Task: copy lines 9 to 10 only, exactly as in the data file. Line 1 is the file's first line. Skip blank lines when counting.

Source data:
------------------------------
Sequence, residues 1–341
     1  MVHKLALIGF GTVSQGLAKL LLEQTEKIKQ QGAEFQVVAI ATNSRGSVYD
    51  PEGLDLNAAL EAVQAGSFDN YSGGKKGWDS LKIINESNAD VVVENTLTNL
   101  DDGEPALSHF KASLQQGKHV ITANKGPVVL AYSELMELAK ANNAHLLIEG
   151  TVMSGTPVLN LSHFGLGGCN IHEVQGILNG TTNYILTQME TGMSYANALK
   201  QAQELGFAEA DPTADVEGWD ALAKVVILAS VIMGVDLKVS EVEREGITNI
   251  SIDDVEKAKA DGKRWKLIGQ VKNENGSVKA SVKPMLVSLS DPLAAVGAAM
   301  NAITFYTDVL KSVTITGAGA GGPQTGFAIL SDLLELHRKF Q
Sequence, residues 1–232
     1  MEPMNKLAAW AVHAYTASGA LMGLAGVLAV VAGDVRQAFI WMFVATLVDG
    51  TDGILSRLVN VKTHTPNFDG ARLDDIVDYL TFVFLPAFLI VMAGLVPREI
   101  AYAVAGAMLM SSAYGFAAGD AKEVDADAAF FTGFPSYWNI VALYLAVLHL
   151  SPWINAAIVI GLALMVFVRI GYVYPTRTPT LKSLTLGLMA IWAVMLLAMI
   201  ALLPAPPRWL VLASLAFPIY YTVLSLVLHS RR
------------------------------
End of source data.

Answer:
Sequence, residues 1–232
     1  MEPMNKLAAW AVHAYTASGA LMGLAGVLAV VAGDVRQAFI WMFVATLVDG